Kelci: I think it can go both ways. On one hand, fans love new music and the faster you can get that to them, the more they’re going to keep coming back. On the other hand, bands are losing money so rapidly because of the digital industry and that sucks, but it’s just the way the world has changed. I think bands have to change with the times just like people do, whether they like it or not.

How important is image in separating you from all the million different styles of metal there is out there?
Kelci: I don’t think image is as important as music. I truly believe that if you’re talented enough, no one is going to care about what you look like. However, in this industry today, its all anyone really cares about. That means that we have to work at separating ourselves from everyone else. I don’t think that’s a bad thing necessarily. I think it’s just another cog in the music industry machine that people have to be aware of.
Anthony: Image is very important. Between the way the band dresses, their stage show, their light show, the songs etc. anything that makes that band stick out really. It’s also about their originality.
Jake: It’s important separating yourself but it’s also important to write and play what you want to play and not to force yourself to be different. A group of 4-5 people with different influences and different musical backgrounds could create something special and different without being forced.
Nick: For some bands, they rely heavily on an image or theme for lack of better words to get their message across. But the coolest stage props or face paint won’t win over a strong and consistent fan base by itself. Strong music has always been the key at the root of a long-term successful band. Whether you look at solid songwriting or writing “sell out” songs, the music has the best long-term influence on a listener. But I would never discredit a band sole on its image. A strong image with a mix of tasteful and catchy music makes for one hell of a band.

Do you deal in different topics lyrically or do you keep to one, just using different variations?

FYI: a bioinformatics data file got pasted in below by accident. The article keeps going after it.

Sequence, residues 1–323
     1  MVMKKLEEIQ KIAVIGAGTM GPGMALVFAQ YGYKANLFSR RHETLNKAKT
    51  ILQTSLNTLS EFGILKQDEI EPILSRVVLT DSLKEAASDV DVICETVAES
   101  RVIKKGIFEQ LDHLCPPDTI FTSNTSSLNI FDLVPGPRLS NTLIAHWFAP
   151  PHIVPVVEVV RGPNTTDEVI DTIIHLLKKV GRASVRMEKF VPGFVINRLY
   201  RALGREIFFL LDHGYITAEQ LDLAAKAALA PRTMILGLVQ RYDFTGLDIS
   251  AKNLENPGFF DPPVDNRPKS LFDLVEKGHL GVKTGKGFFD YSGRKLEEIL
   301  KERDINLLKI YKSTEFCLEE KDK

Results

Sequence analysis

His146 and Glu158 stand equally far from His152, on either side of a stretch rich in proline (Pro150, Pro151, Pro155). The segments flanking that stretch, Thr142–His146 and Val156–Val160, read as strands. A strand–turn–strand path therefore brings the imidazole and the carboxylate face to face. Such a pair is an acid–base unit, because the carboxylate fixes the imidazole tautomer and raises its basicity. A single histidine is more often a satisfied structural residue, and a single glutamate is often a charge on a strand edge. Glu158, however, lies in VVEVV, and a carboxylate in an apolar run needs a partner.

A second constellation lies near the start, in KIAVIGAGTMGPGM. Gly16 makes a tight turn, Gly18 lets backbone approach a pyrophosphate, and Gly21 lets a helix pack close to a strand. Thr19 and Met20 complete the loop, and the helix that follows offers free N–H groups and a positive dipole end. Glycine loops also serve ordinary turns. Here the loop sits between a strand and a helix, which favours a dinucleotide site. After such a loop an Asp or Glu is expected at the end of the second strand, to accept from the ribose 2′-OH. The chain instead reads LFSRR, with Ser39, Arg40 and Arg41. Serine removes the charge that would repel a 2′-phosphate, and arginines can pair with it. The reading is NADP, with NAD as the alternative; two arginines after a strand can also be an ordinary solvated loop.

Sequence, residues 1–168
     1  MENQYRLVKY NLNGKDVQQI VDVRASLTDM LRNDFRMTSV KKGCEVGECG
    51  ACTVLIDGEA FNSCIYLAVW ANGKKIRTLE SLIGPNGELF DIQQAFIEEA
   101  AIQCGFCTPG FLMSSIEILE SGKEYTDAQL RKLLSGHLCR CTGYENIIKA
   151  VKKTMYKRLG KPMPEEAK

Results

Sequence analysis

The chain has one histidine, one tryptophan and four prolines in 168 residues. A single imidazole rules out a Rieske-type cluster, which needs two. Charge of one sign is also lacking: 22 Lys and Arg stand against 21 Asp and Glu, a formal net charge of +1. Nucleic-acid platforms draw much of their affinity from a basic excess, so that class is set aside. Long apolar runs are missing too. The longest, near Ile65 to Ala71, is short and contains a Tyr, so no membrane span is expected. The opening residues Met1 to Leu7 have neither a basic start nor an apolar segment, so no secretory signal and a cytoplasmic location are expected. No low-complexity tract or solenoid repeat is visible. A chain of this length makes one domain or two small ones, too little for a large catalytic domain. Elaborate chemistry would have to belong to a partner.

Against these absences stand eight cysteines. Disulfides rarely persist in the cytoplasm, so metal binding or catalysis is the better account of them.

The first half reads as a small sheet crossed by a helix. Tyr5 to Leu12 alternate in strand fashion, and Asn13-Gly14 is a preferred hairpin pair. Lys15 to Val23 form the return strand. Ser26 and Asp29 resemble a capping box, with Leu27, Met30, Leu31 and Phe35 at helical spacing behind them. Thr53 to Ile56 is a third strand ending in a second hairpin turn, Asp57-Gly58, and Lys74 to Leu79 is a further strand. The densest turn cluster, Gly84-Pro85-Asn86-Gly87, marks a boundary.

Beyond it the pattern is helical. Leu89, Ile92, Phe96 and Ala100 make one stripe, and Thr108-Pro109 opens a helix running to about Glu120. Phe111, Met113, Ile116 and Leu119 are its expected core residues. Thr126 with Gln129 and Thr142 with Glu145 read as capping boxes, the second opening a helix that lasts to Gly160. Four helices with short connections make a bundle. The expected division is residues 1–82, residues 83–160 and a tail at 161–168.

Kelci: I vary greatly in my day-to-day writing. I would say that no one song is about the same thing as another. My influences, personally, range from every day scenarios, to heartbreak, to television shows and movies, to even how much I love my dogs! HA!
Nick: The lyrics for our songs cover a few different themes and areas. A lot of them are written around day-to-day struggles, while others are more or less stories with a theatric flare. But no matter what the lyrics are, there’s always an underlying truth to them. Whether it’s a based an actual experience, or an “embellished” story, I think people can relate to the lyrics in our songs.
Anthony: I don’t write the lyrics. Most of the time I depends on the vibe our singer gets from a riff and what she can do with it.
Jake: Sometimes we write everyday scenarios and sometimes a specific topic or story. Whatever the song calls for or whatever influences us that day.

Do you consider yourself a live artist or do you like to spend most of the time secluded in a studio?
Anthony: For me personally they both really help me grow as a musician. My favorite part in a live setting is when I improvise a bass part to be different from the studio part, for me stuff like that can go a long way. In a studio setting it is the complete opposite. Its very chill, Its where I’m pushing myself to be the tightest I possibly can to have the best product for the album. If being in a touring band ever stopped one day I would become a studio/ session musician.